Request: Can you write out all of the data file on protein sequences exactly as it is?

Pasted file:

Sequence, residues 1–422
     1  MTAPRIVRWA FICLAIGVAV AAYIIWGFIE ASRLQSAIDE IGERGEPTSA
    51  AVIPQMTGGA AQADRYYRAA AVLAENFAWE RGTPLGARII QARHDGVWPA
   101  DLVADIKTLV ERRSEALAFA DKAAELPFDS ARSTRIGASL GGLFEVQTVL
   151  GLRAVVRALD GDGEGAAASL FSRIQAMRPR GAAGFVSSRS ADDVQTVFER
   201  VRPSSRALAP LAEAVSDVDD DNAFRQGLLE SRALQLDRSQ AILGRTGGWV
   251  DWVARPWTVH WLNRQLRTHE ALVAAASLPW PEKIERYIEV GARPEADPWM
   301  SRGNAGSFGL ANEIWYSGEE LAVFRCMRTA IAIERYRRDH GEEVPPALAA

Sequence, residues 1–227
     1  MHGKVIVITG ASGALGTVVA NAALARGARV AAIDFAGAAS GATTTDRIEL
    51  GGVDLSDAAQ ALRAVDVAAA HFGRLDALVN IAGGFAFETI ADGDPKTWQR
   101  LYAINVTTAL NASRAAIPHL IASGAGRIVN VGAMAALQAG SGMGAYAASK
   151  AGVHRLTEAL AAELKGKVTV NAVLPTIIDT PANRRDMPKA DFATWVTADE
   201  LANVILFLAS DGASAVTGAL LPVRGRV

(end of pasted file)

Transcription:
Sequence, residues 1–422
     1  MTAPRIVRWA FICLAIGVAV AAYIIWGFIE ASRLQSAIDE IGERGEPTSA
    51  AVIPQMTGGA AQADRYYRAA AVLAENFAWE RGTPLGARII QARHDGVWPA
   101  DLVADIKTLV ERRSEALAFA DKAAELPFDS ARSTRIGASL GGLFEVQTVL
   151  GLRAVVRALD GDGEGAAASL FSRIQAMRPR GAAGFVSSRS ADDVQTVFER
   201  VRPSSRALAP LAEAVSDVDD DNAFRQGLLE SRALQLDRSQ AILGRTGGWV
   251  DWVARPWTVH WLNRQLRTHE ALVAAASLPW PEKIERYIEV GARPEADPWM
   301  SRGNAGSFGL ANEIWYSGEE LAVFRCMRTA IAIERYRRDH GEEVPPALAA

Sequence, residues 1–227
     1  MHGKVIVITG ASGALGTVVA NAALARGARV AAIDFAGAAS GATTTDRIEL
    51  GGVDLSDAAQ ALRAVDVAAA HFGRLDALVN IAGGFAFETI ADGDPKTWQR
   101  LYAINVTTAL NASRAAIPHL IASGAGRIVN VGAMAALQAG SGMGAYAASK
   151  AGVHRLTEAL AAELKGKVTV NAVLPTIIDT PANRRDMPKA DFATWVTADE
   201  LANVILFLAS DGASAVTGAL LPVRGRV